Mike Guion is looking at a lot of unknowns these days.
With shortages hitting supply lines for all major appliances — stoves, washers, dryers and refrigerators — Guion says it’s all he can do to keep stock and orders coming into to Guion’s Showcase Furniture and Appliances.
“We started noticing this in April and it’s just kept on getting worse,” Guion, who has owned the longstanding furniture store since 1990, said. “Boy, when they shut down the factories in late April, we started going from two day shipping to who knows when?”
Guion said his main appliance supplier is Whirlpool, who manufactures appliances under a number of large brand names such as Maytag, Amana and KitchenAid. Orders have been repeatedly pushed back, with anticipated shipping dates pushing into March 2021.
It’s to the point where Guion does not know what to tell customers when something will be in.
“How can I tell someone when something will be here if I don’t know?” he said. “They change the date three or four different times. If they don’t want to wait, I don’t want to sell it to you. I just don’t know when it’s going to be here.”
Guion said manufacturer shutdowns at Whirlpool plants in Tulsa, Oklahoma and Clyde, Ohio have affected a lot of supply lines to resellers like Guion’s Showcase.
He’s been unable to get in low-end refrigerators and stoves that are popular with local landlords.
“You just can’t get a $500 stove right now,” Guion said, adding that usually at this time of year his own warehouse would be stocked in anticipation of Black Friday sales and the upcoming Christmas shopping season.
This year, however, the anticipated sales are looking pretty slim. While some shipments are coming in — the store received a 40-piece shipment on Thursday — they are not nearly where they should be.
And it’s not just appliances.
Raw materials, such as lumber and steel, have caused backlogs in other areas as well.
“We got a chair in on Thursday for a lady who ordered it in May,” Guion said, shaking his head. “It’s just taking longer than it used to.”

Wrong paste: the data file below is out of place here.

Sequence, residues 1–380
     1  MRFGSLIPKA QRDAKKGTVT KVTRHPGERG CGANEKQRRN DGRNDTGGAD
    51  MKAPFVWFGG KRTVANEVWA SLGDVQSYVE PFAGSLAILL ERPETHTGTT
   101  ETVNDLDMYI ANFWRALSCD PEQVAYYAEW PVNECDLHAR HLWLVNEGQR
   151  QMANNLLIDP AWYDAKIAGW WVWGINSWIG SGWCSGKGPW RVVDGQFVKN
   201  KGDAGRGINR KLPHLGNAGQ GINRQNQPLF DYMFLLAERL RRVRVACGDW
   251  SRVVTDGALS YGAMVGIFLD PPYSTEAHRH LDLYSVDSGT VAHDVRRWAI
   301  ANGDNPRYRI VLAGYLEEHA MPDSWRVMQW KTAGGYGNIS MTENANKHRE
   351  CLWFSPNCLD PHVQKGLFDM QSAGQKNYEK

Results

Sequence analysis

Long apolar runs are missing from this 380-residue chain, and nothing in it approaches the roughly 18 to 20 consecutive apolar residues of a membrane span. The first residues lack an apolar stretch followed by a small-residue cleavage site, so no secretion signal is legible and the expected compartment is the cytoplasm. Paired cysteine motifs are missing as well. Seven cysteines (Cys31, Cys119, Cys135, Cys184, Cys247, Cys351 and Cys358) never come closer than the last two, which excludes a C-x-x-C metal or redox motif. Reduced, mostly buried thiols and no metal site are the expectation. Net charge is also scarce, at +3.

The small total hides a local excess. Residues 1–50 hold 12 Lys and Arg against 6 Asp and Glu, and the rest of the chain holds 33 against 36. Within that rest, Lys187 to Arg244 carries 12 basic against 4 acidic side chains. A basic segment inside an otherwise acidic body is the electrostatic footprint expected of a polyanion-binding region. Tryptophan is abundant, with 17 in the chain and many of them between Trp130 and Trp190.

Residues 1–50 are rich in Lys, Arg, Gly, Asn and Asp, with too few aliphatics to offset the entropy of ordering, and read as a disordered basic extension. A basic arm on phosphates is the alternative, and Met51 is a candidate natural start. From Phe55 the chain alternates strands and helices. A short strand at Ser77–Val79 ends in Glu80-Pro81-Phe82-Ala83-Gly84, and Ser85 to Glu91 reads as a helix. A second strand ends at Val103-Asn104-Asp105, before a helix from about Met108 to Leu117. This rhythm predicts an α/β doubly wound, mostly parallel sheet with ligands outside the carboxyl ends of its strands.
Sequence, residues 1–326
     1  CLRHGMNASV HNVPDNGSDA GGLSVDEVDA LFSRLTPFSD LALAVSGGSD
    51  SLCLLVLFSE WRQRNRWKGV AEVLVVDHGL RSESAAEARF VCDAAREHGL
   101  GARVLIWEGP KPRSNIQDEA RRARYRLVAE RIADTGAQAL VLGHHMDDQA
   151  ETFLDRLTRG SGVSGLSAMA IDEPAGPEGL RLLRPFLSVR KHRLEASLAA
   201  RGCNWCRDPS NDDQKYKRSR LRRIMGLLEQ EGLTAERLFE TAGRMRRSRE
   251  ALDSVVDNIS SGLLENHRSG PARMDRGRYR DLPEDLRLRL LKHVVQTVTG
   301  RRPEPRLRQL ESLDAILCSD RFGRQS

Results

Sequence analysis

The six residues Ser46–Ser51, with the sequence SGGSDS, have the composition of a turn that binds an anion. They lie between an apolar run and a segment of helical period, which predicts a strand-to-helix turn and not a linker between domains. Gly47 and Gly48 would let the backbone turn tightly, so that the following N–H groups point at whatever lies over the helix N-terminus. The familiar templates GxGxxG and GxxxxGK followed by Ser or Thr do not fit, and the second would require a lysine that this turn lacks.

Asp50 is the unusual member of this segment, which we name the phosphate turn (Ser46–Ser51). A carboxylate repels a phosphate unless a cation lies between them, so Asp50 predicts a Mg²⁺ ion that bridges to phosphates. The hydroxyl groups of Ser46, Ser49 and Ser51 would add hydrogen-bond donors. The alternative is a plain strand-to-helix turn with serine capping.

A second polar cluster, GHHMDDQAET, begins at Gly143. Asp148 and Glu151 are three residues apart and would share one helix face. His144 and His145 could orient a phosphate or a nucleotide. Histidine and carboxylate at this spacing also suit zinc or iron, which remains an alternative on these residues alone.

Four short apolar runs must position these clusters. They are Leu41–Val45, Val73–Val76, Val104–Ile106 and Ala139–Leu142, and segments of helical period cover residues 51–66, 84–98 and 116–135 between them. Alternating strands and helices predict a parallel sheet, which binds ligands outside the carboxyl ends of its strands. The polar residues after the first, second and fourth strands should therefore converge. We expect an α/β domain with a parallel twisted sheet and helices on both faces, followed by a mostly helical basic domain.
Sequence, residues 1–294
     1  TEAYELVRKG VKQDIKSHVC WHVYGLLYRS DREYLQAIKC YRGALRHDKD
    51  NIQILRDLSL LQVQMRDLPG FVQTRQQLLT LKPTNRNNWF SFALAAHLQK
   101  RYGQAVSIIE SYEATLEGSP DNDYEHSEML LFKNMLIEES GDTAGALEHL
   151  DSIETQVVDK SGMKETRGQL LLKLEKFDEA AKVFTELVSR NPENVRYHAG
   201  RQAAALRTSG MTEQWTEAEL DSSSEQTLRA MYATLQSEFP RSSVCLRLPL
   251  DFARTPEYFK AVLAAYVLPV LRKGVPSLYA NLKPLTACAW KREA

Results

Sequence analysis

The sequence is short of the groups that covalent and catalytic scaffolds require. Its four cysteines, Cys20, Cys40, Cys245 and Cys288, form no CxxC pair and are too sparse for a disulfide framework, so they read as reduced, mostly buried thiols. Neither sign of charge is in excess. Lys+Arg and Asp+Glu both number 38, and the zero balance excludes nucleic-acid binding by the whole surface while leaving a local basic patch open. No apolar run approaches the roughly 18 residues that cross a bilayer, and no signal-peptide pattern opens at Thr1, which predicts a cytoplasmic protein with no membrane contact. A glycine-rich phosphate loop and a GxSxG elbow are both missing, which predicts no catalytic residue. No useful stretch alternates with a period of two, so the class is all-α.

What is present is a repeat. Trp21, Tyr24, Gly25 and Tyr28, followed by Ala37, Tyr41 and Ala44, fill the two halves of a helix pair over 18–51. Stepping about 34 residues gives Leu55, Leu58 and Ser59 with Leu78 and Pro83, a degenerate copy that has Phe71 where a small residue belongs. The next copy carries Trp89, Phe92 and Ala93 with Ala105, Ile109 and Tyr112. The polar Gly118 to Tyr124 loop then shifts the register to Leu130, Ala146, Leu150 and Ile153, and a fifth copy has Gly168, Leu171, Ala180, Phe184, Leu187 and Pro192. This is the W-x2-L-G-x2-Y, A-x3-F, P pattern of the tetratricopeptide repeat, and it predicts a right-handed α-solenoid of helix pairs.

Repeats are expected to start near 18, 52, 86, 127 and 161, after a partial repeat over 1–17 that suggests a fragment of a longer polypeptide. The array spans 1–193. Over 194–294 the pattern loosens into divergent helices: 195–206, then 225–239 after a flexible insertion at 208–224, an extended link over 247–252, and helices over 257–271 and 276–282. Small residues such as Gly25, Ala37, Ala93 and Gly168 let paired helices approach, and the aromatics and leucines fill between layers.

Surprisingly, Temperpedic mattresses have not seemed to be affected and the store is able to get those in stock quickly.
It’s everything else that is the problem and it’s not for lack for work at the factories making the appliances.
“It’s the shutdowns, it’s people not coming back to work, people getting sick,” Guion said. “People go to work when they’re sick, they’re having to quarantine for 14 days. They don’t have the workforce that they had, so they’re running 60 - 70% of where they were.”
According to Forbes.com, Whirlpool is seeing a boost in stock due to pandemic-driven sales — even amid these supply and demand issues.
“The company’s stock grew 40% year-to-date to around $200 levels, and largely outperformed the S&P index which moved 9% YTD,” Forbes reported Friday. “The company was able to beat market expectations on revenue and earnings in both quarters so far this year.”
Still, uncertainly as the pandemic continues could have a “potential adverse impact on holiday sales.”
Locally, Guion said they are also having issues with getting parts for service calls. What used to be an overnight turnaround for most parts has turned into weeks at a time.
But, sales have been steady since a slump in April.
“Overall this has been a pretty good year for us,” he said. “We had a horrible month in April. But people had to stay at home, they weren’t taking vacations and we’re finding that people are spending money on themselves and their homes. I think if we could keep a better inventory, we would have a better year.”
Guion said for the most part, customers are understanding. They know what’s going on and they know Guion and his staff are doing the best they can given the circumstances.
“I’m going to be in pretty good shape for Christmas,” he said. “We just ask people to be patient.”